View Full Version : WaiWai?

John Lindsey
23rd February 2002, 12:53
If you visit the Mainichi Daily News Online, you will find a section of articles under the catagory called WaiWai.


So what does WaiWai mean? I have no idea, but here are some of the topics discussed in there:

Pantie flashers offer a glimpse of something deeper

Untying the knot knits no-name ladies in red tape

Japan's first Ninja school offers major in the mystical martial art

Wilting wallflowers wishing for wedding bells

Gramp's wrinkly winkle leaves Granny's libido limp

Shinto priest joins the unholy ranks of boy diddlers

Classes open for stick flick movie directors

Big Sister's got the eye on your butt

Nothing toothless about wrinkled wrongdoers crime wave

Fed-up Japanese gals turn to Asian men to spice up love lives

Porker probe gives weight to lardass longevity

Stressful times open a floodgate of adult bedwetters

Young Yakuza trade tough tradition for flashy fashion

Heinous home tutor strips preteen of her innocence

English instructors strip down to teach the bare essentials

'Menopause divorce' leaves men crying in their pillows

Kinki cabbies go to great lengths to get a ride

Piggy poop: Swine turd turns corporate cash cow

Young women strip off inhibitions toward steamy mixed bathing

Schoolgirls' sex lives: steamy but stunted

Fiery female stalker seeks to spark flame of love

Slimmers say diarrhea diet drink not to be pooh-poohed

Young married couples suck parents to the bone

Ghosts haunt floating world of the geisha

Chris Li
23rd February 2002, 23:13
Originally posted by Jim Kass
Waidan: (make) an obscene (indecent) talk; talk (tell) a dirty story.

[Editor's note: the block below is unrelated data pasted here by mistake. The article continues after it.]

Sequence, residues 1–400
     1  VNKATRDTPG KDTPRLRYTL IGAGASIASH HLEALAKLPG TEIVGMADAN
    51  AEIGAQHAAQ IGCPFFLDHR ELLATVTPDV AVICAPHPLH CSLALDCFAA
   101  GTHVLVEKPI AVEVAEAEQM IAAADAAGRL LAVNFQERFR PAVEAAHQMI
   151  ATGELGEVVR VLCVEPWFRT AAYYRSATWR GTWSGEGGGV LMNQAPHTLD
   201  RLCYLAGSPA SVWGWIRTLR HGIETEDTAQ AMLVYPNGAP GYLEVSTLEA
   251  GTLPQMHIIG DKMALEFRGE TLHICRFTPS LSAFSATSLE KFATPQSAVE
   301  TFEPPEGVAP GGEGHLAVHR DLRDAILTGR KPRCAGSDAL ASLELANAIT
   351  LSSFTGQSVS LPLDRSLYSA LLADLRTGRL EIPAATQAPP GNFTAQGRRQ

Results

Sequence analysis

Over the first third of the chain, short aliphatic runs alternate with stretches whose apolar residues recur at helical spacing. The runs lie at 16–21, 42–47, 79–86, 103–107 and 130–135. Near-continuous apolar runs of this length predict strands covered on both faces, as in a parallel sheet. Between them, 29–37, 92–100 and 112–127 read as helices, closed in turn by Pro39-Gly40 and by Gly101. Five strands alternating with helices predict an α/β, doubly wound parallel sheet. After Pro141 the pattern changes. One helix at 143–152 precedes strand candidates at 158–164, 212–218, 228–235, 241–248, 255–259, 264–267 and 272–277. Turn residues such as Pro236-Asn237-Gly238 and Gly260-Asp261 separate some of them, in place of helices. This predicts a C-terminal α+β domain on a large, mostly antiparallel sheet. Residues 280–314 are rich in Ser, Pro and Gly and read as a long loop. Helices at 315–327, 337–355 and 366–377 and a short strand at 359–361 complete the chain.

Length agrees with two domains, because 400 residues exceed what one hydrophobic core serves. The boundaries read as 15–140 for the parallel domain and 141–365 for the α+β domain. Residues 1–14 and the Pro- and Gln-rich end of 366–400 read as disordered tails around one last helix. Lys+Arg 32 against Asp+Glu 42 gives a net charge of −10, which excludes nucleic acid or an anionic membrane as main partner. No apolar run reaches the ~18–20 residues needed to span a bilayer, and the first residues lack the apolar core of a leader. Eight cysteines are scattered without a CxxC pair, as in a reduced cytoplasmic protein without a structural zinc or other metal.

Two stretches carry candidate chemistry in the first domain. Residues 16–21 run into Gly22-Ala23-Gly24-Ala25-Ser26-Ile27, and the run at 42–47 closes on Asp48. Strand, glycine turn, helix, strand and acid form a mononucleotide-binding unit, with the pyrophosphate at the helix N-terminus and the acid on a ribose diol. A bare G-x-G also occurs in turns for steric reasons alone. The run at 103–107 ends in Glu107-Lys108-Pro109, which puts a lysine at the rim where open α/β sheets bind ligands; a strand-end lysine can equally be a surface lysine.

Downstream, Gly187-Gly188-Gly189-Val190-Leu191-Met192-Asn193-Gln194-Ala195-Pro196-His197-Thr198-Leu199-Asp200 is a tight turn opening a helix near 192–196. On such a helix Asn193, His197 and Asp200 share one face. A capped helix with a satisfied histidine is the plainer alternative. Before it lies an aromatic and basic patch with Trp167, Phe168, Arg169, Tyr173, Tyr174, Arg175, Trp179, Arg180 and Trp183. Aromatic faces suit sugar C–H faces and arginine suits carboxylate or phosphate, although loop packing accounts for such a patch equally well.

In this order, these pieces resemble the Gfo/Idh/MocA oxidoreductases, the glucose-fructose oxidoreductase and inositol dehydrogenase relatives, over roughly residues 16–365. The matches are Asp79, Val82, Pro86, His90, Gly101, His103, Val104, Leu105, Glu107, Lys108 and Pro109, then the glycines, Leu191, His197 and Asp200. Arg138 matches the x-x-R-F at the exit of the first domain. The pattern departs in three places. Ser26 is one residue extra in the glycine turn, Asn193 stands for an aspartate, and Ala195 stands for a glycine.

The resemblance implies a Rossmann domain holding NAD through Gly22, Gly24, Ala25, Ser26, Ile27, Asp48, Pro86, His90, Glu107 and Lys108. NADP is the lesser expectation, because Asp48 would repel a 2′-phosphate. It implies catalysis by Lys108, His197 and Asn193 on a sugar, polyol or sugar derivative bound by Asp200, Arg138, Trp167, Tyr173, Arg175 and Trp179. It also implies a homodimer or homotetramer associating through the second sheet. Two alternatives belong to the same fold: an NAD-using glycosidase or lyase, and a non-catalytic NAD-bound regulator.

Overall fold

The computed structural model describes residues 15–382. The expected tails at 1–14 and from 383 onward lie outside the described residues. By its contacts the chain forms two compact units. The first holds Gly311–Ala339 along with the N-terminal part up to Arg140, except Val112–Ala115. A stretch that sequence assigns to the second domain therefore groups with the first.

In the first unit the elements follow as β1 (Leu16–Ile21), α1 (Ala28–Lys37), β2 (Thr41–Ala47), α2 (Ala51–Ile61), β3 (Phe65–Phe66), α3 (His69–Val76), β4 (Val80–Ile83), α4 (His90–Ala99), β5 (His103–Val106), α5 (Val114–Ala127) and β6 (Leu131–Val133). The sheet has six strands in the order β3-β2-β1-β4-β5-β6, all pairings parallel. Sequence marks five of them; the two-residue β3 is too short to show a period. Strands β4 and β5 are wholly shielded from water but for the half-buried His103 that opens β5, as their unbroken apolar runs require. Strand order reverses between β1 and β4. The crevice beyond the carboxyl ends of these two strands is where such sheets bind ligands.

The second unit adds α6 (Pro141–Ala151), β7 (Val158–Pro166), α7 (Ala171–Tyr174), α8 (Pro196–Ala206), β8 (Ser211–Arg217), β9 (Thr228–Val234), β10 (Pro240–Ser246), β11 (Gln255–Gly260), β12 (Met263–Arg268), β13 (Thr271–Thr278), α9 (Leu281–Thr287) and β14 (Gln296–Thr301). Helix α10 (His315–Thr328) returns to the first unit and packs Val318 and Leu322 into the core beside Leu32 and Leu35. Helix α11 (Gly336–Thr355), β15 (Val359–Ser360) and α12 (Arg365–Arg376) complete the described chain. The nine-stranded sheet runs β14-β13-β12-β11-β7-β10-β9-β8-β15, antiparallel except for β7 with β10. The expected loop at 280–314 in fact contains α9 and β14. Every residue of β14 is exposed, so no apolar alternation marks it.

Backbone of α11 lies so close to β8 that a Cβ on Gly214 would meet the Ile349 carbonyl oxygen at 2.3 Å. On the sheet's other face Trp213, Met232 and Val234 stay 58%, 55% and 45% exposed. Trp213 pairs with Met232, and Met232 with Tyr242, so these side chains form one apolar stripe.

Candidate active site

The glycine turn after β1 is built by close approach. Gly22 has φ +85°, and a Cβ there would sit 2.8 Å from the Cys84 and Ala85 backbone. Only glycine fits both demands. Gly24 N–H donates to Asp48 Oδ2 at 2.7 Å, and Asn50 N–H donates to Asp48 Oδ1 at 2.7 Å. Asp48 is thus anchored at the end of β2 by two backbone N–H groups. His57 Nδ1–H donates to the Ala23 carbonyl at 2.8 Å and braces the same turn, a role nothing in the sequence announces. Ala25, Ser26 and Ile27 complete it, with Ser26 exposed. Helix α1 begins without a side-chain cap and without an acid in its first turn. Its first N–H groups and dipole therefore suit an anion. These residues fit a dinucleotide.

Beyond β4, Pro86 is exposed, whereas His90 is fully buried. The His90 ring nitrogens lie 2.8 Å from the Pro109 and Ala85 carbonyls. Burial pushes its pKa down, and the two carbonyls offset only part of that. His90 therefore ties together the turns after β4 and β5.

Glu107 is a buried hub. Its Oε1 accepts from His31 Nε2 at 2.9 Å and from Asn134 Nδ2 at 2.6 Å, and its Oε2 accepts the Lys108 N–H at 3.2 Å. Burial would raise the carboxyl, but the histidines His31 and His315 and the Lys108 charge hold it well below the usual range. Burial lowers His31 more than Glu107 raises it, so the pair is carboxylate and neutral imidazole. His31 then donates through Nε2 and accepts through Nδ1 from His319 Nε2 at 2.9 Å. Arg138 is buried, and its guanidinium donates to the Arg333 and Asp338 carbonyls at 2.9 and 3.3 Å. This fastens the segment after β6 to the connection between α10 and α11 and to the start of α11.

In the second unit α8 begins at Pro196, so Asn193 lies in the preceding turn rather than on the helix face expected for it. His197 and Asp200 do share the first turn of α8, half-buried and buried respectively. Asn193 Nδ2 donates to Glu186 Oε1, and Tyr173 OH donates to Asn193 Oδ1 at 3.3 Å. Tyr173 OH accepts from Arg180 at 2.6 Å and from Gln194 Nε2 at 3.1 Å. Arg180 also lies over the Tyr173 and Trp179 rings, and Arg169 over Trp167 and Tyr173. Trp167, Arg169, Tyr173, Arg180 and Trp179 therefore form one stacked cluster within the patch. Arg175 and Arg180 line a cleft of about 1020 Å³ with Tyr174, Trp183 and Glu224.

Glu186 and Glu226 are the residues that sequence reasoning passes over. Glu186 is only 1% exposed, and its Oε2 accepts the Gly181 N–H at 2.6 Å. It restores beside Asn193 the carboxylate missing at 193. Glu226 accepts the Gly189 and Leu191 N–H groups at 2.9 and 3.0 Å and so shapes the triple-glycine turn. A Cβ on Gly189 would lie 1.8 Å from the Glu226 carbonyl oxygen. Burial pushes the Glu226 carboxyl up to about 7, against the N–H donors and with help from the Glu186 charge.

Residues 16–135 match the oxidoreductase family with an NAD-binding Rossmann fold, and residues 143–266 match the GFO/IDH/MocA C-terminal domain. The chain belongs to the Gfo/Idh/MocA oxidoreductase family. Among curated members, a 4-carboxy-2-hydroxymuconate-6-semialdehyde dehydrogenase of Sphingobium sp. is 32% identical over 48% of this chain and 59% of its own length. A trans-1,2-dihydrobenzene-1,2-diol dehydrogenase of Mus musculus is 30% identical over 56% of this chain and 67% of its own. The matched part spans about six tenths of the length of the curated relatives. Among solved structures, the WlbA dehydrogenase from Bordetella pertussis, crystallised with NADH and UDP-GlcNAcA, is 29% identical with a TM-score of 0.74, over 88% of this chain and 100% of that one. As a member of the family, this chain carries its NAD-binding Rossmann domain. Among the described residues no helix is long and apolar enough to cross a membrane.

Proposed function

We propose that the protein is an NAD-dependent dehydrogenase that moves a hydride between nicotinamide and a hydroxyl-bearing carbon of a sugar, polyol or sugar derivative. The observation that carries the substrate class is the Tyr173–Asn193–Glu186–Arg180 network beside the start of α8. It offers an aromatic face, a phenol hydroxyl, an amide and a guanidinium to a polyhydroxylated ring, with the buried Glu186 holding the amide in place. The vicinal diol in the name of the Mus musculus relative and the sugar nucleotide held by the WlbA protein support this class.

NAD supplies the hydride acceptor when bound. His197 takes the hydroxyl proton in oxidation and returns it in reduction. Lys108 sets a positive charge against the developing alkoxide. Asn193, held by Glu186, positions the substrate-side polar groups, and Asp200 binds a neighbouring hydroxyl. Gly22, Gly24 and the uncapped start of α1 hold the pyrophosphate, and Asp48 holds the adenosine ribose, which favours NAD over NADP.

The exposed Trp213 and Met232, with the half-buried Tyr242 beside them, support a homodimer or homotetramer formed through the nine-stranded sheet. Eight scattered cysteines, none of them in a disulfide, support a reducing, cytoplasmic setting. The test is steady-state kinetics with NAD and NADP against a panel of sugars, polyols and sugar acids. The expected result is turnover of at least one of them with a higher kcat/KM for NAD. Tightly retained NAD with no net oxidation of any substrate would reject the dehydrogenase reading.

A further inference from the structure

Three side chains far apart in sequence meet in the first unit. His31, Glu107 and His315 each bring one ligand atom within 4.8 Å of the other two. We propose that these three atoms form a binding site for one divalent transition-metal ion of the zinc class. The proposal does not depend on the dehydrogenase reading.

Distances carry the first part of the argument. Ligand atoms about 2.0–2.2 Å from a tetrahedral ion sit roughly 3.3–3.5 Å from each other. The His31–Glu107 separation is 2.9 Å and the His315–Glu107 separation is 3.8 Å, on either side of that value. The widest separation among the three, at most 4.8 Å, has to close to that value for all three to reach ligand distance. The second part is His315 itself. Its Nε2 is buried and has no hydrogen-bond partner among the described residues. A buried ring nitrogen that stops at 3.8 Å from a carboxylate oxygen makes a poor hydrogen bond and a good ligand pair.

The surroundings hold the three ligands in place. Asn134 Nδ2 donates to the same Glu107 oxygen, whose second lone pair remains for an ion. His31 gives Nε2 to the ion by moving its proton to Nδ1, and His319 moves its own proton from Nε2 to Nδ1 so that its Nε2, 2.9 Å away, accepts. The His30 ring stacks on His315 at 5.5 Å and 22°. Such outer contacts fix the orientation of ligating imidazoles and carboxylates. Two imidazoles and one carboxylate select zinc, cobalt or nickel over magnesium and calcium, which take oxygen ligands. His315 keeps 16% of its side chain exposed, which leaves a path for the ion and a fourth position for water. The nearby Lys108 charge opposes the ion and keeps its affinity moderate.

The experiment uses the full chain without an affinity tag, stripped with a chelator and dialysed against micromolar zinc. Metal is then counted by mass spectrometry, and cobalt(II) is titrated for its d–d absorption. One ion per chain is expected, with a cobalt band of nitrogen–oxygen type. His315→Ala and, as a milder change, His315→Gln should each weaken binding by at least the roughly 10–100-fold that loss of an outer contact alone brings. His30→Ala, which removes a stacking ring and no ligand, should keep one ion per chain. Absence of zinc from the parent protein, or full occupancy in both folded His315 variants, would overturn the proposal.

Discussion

Waihon: an obscene book

"Waiwai" means for a crowd of people to have a raucous conversation on a number of subjects. There's nothing specifically obscene about it. Examples might include a party, or when going out drinking with your friends.

The "wai" in "waidan" or "waidan" is a different word with a specific kanji. "Waiwai" is just (AFAIK) just one of those Japanese onomatopoeia. If you think about it that way it actually makes sense, sort of.



P Goldsbury
24th February 2002, 00:59
I am a member of local group here called a わいわい会 (waiwai-kai: "organisation for noisy chattering"). We meet once a month in the local 公民館 (kominkan: municipal hall: every area has one) and talk. The meetings are usually sedate, but sometimes the discussions become quite heated, as when we talk about the last war, of which memories here are still fresh.

It is very good for community relations and it is excellent Japanese language training. Occasionally I meet members in the local ?ト鳥屋yakitoriya and the discussions are fueled with liberal doses of beer, sake and shochu.

Oh, and because it is a 会 kai, there is a 会長 (chairman) and rules. I think our waiwaikai is dedicated to world peace.

Best regards,
P A Goldsbury,
Graduate School of Social Sciences,
Hiroshima University

Mark Brecht
24th February 2002, 01:32
I agree with the others, wai wai is certainly not a obsecene term.

Actually before moving to Japan I lived in Canada for a year ( eh ! ).
They used to have a weekly TV show for Japanese in Japanese which was called "Wai Wai Wide". It covered mainly Japanese national and international news and reports. As I had lived together with my Japanese girlfriend at the time, I assume it was not obscene in any way, otherwise I would not have been allowed to watch it... :smokin: